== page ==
An imaging spectrometer for observations of the Martian corona and the Martian thermosphere is presented. The corona extends over 10 Martian radii and its measurement requires observations over a very wide field. The spectrometer covers the wavelength region 120-170 nm where this band includes coronal spectral lines of hydrogen Lyman alpha and oxygen, and thermospheric spectral lines from atomic oxygen and carbon and the 4th positive band of CO. Stellar occultation observations will provide atmospheric density measurements. These scientific requirements are fulfilled by an Offner-type spectrometer with a 110 degree instantaneous field of view and no moving mechanisms. Both the spectral and imaging resolution vary across the field, from higher resolution across the planet body, to lower resolution required at the diffuse outer parts of the corona. This Offner-type design has not been previously used in the FUV.
In the frame of the ICON (Ionospheric Connection Explorer) mission of NASA led by UC Berkeley, CSL and SSL Berkeley have designed in cooperation a new Far UV spectro-imager. The instrument is based on a Czerny-Turner spectrograph coupled with two back imagers. The whole field of view covers [± 12° vertical, ± 9° horizontal]. The instrument is surmounted by a rotating mirror to adjust the horizontal field of view pointing by ± 30°. To meet the scientific imaging and spectral requirements the instrument has been optimized. The optimization philosophy and related analysis are presented in the present paper. PSF, distortion map and spectral properties are described. A tolerance study and alignment cases were performed to prove the instrument can be built and aligned. Finally straylight and out of band properties are discussed.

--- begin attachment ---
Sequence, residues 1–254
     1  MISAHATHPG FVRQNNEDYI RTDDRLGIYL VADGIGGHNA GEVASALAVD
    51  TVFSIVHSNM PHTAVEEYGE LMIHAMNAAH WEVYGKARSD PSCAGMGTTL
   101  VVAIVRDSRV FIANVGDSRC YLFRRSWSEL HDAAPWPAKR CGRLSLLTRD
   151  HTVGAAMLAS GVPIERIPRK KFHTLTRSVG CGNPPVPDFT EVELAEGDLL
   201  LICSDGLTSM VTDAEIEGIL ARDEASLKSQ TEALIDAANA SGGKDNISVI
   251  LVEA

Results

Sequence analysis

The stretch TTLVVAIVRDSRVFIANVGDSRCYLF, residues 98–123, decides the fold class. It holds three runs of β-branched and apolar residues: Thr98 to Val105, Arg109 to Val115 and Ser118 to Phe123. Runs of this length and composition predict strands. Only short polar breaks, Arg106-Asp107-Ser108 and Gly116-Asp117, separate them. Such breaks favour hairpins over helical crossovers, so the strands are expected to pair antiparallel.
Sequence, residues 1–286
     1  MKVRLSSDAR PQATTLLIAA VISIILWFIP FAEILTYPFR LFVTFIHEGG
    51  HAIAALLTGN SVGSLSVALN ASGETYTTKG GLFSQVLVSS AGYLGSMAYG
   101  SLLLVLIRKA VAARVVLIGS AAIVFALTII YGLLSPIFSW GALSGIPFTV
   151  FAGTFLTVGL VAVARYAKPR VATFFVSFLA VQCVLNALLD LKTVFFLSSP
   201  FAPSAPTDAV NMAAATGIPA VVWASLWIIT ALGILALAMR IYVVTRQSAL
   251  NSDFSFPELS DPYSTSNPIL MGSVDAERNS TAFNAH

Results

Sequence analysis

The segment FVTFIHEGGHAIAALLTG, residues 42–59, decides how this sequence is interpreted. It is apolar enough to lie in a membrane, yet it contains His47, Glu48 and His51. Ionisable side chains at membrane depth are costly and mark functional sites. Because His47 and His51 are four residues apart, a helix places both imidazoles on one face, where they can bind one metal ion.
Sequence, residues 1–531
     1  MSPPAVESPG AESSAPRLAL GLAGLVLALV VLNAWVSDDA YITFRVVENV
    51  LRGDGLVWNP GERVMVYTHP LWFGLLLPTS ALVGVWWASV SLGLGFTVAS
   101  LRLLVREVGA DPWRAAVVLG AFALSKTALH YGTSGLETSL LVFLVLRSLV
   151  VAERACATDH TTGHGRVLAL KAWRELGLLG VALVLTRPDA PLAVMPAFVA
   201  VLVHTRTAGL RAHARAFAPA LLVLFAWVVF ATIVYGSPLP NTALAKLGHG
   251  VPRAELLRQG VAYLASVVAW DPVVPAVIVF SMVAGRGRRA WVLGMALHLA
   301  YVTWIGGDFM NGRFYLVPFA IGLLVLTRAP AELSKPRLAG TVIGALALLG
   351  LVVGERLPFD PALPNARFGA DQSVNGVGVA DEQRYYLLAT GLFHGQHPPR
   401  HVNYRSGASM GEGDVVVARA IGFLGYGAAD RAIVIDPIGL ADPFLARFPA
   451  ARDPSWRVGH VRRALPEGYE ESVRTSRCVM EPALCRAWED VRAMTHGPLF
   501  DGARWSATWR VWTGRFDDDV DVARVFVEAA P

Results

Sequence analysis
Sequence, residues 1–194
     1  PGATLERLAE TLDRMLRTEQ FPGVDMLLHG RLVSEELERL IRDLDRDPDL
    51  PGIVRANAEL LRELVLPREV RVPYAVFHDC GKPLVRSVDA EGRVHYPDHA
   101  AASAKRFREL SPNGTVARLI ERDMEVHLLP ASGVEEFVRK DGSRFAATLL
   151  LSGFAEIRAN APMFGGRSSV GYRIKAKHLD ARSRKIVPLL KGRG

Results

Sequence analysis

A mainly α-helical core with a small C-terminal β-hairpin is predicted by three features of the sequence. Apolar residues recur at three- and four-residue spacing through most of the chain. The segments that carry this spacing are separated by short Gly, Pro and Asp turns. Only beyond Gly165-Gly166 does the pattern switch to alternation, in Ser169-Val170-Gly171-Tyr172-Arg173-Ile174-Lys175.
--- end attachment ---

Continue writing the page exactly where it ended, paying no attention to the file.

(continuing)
The Dark Energy Spectroscopic instrument (DESI) is a 5000 fiber multi-object spectrometer system under development
for installation on the National Optical Astronomy Observatory (NOAO) Kitt Peak 4m telescope (the Mayall telescope).
DESI is designed to perform a 14,000° (square) galaxy and Quasi-Stellar Object (QSO) redshift survey to improve
estimates of the dark energy equation of state. The survey design imposes numerous constraints on a prime focus
corrector design, including field of view, geometrical blur, stability, fiber injection efficiency, zenith angle, mass and
cost. The DESI baseline wide-field optical design described herein provides a 3.2° diameter field of view with six 0.8-